Ida Bell Wells is my grandmother. There was a kinship I felt with her when I first saw her face when I was 9 in Ms. Annie Green’s class. It was this classic photo, with this look of “Don’t come for me, ‘less send for you” spoke to me. At that point, I wanted to know everything about her. And I mean everything. It was because of her I wanted to go into journalism! And I thought she was a superhero!
She was brilliant, was a writer in the time where most most Black folk were murdered for trying to pursue education of any sort! Consider these fast facts about the dynamic force that is (and was) Ida Bell Wells:
-daughter of slaves–and she was born one!
-raised her sister after their parents died of Yellow Fever
-Went off on the principal of the school she was at who tried to talk to her crazy (a WHITE man in a position of authority AT THAT), and put her out of the school.
-she refused to give up her seat in a railroad car BEFORE Plessy v. Ferguson (May 1884, Plessy v. Ferguson was in 1896!).
-One of the founding 4 members of the NAACP
-Investigated lynchings IN THE CITIES THEY HAPPENED IN.
*-She sued the railroad this incident happened on and won a $500 settlement. The Tennessee Court overturned this decision. It was this incident that caused her to start writing.
She wrote for US, mane. She confronted racism, called out the bullshit that is perpetuated through traditional white feminism which lead to the illest thing she did to let these (white) suffragettes know she wasn’t the one. What do I mean? Peep this (thank you to The Atlantic for this piece):
“Seen through the lens of Wells’s life, the history is sobering: When Wells traveled to Washington, D.C., to march with the Illinois delegation in the suffrage parade of 1913, the group’s leaders asked her to move to the back of the parade with the other black women. (She ignored these instructions and took her place with the white marchers anyway, Giddings writes.) In an earlier incident, when Wells was heckled during a lecture in Rochester, New York, NAWSA President Susan B. Anthony leapt up from the audience in defense of Wells, declaring that African Americans faced racism in the North as well as the South—only to illustrate her own point when she confided to Wells that she’d excluded black people from joining her organization or even speaking at its events for fear of alienating southern white women from the cause. According to Giddings, Anthony rationalized that issues of racial inequality could be better addressed once white women had the vote, the ends of her strategy thus justifying the means. (Wells, who on most points admired Anthony, respectfully disagreed.)”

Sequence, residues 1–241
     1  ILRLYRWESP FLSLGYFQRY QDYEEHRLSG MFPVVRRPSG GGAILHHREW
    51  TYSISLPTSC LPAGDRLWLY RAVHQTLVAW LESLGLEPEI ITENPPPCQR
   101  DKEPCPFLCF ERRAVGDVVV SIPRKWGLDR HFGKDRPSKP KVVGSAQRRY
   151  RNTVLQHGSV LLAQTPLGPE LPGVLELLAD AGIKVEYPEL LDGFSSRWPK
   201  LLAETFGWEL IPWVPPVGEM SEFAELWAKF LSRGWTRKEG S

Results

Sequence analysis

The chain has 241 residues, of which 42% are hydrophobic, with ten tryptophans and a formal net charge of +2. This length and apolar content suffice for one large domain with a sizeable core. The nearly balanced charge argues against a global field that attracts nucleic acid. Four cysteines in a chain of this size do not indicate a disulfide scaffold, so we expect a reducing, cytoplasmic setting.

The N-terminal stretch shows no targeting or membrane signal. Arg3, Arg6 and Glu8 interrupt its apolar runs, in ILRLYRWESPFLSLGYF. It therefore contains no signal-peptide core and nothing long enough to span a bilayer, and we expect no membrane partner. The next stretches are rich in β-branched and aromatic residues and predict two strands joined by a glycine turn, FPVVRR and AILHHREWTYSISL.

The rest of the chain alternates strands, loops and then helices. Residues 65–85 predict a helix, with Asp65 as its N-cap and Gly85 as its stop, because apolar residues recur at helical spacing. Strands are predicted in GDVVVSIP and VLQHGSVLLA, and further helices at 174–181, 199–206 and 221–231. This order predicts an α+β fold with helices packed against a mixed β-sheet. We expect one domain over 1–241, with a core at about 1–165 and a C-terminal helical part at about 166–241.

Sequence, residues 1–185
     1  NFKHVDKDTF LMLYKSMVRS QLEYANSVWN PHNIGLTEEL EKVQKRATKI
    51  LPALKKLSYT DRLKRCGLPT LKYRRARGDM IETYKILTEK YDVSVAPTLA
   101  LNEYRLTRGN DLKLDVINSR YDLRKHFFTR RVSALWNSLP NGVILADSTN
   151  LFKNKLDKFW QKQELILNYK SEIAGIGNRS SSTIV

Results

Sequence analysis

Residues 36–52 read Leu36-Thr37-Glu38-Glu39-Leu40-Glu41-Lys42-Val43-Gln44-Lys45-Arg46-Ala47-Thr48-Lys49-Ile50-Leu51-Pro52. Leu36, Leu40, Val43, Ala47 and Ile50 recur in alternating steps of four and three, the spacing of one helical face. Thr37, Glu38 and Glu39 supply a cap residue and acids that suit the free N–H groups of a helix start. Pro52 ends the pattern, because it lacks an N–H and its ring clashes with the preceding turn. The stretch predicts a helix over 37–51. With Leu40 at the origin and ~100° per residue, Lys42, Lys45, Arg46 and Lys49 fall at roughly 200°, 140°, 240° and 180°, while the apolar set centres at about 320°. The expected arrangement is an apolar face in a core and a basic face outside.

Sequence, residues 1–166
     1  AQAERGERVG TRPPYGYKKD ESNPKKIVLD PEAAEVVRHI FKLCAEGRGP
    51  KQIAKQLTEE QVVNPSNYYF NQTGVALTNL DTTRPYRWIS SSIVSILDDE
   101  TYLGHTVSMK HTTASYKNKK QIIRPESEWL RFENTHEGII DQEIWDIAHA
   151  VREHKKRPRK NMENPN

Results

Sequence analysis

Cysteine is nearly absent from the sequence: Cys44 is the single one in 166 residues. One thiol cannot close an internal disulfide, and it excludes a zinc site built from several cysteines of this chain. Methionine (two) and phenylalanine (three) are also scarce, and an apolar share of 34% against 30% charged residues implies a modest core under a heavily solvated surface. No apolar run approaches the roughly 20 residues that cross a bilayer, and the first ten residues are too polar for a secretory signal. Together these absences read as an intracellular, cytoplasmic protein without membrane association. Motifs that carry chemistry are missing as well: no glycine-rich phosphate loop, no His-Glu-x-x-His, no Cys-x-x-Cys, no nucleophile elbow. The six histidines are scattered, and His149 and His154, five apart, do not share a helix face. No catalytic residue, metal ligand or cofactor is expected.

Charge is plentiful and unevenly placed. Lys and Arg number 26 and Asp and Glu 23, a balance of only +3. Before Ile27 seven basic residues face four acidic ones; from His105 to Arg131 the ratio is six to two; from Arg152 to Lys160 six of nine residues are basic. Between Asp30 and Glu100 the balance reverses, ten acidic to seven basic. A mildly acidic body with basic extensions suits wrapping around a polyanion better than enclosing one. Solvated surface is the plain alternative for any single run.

My feeling has always been God knew the fight Black women writers would have and was gracious enough to give us Ida Bell Wells Barnett. We needed her. We still need her. And I am grateful I can put her name in any search engine on any part of the world and she is accessible. So, to have her awarded the Pulitzer Prize almost 90 years after her passing? I don’t know how to feel about this.
As a writer, I am happy! I am glad she has gotten the recognition she deserves. The part of me that is woman and Black is like, “Posthumously?! Really bih?!” Why do I feel that way? This nation loves to honor ‘acceptable’ Black folk, and ignore the living Black folk doing the same work! I am mad at this, fam! I am upset because for all her work, for all her power, for all her talent and insistence on justice, the powers that be decide to award her almost a century of her being in the ground! I feel like this is the nation spitting on her grave, walking over it, and then planting flowers!
But, what do I know? I’m just a Black woman writer–who subscribes to the gospel according to Ida B: “I felt that one had better die fighting against injustice than to die like a dog or a rat in a trap.” Sometimes the best way to free yourself, and other people as Toni Morrison says, is to get a pen.
God and Ida gave me one. My job is to keep giving it to other people. With smooth ink, and no chaser.
[Image from TheGroit.com]